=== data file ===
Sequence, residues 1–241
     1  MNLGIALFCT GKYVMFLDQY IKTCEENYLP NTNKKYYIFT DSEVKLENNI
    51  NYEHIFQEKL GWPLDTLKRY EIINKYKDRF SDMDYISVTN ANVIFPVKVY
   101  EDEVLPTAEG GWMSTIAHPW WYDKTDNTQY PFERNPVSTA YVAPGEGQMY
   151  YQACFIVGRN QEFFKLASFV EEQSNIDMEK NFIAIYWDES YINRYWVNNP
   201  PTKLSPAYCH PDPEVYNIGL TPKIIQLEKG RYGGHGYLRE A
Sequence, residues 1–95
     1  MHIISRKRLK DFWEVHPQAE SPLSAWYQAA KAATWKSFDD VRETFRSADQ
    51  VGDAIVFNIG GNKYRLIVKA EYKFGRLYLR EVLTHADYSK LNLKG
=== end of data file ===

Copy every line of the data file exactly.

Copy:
Sequence, residues 1–241
     1  MNLGIALFCT GKYVMFLDQY IKTCEENYLP NTNKKYYIFT DSEVKLENNI
    51  NYEHIFQEKL GWPLDTLKRY EIINKYKDRF SDMDYISVTN ANVIFPVKVY
   101  EDEVLPTAEG GWMSTIAHPW WYDKTDNTQY PFERNPVSTA YVAPGEGQMY
   151  YQACFIVGRN QEFFKLASFV EEQSNIDMEK NFIAIYWDES YINRYWVNNP
   201  PTKLSPAYCH PDPEVYNIGL TPKIIQLEKG RYGGHGYLRE A
Sequence, residues 1–95
     1  MHIISRKRLK DFWEVHPQAE SPLSAWYQAA KAATWKSFDD VRETFRSADQ
    51  VGDAIVFNIG GNKYRLIVKA EYKFGRLYLR EVLTHADYSK LNLKG